Taking into account DGA is based on a hardcoded seed, creating a new botnet is just a matter of changing both, the seed, and the public key in the binary.


Whereas the cypher has been kept unchanged in some way, there has been some modifications due to the new communication scheme seen above. In short:
  • RC4 is maintained for the configuration stored in the system registry
  • The communication with the command and control panel is now based on AES256 + RSA.


The configuration has remained largely unchanged. In fact, most injections and target entities are old and they even contain variables which belongs to features no longer present on the current version like those related with the P2P proxy:

Therefore, it seems that we are facing what seems to be a lite version of GOZ which, somehow, reminds us Licat, its predecessor. Far from reducing the prominence of the trojan, even if the configuration files may lead us to think that it has been released in haste, features such as the DGA seed may lead to a boom of new GOZ botnets which will start a new cat and mouse chase.

Note: Originally published on S21sec's blog

Follow me on Twitter: @smvicente

jueves, 22 de agosto de 2013

ZeuS: Because not all is banking

Last week, security researchers published a post regarding a new variant of ZeuS which took advantage of the fact that people is willing to gain popularity via Instagram "likes" even if they have to pay big bucks for it. This unusual behavior for a ZeuS does not seems to be exclusive to that variant as we have been following for a while another one that exhibits a similar behaviour and does not target traditional entities.

The first thing that caught our attention was that it did not inject itself into explorer.exe; instead, it created two visible process:

The first one: winsec32.exe, is located within %windir%/system32/ while the other is a typical ZeuS process with a pseudo-random name located within the usual path. Both are equal, however, the functionality of the first process seems limited to the monitorization and launch of the second one in case it is not running by whatever reason:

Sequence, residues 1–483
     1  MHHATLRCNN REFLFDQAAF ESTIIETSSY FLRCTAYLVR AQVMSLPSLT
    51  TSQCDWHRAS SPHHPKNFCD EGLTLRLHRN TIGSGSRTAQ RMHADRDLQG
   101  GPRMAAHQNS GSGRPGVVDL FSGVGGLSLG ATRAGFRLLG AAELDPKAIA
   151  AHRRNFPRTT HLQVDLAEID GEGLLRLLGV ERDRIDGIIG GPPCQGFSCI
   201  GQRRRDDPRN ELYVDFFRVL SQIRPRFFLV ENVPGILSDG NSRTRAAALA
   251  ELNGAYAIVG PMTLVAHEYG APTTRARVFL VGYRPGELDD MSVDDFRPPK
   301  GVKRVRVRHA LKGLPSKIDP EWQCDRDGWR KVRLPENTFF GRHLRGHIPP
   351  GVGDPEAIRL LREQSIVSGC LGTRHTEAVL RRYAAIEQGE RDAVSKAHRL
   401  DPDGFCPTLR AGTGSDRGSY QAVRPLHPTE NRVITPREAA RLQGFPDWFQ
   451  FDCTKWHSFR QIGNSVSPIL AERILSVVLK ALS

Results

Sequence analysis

C:\WINDOWS\system32\winsec32.exe" -service "C:\Documents and Settings\\Application Data\Xuzove\efybym.exe
Besides that, it also manages to survive reboots by creating a new task:
Service: Security Center Server - 1972840912 (SecurityCenterServer1972840912) - OperA software - C:\WINDOWS\system32\winsec32.exe
Note: This is why, in an moment of inspiration, we called it "ZeuS Tasks"; the fact that it does not inject into explorer.exe reminded us an old variant seen about two years ago with visible processes, which contained this hidden message for reversers within the static config:

Anyway, the second process is the actual trojan, which, as stated above, seems to be Click Fraud oriented. Before getting down to work, let's see which are the main differences with regards to an standard ZeuS:

First of all, the static -or embedded- config is not managed as usual by the trojan, starting with the fact that is not XORed:

Within it we can find at least two different RC4 IVs and the hardcoded C&C URLs which, unlike the rest of ZeuS strains, do not have a path which points to a config:

Which can be confirmed by looking at the network traffic which shows many request with quite short responses that obiously are not ciphered config files:

We would like to remark the way it communicates with its C&C because we think is quite interesting. It encrypts the payload each time with a random RC4 key that is initialized from a combination of a Mersenne twister plus a time generated seed: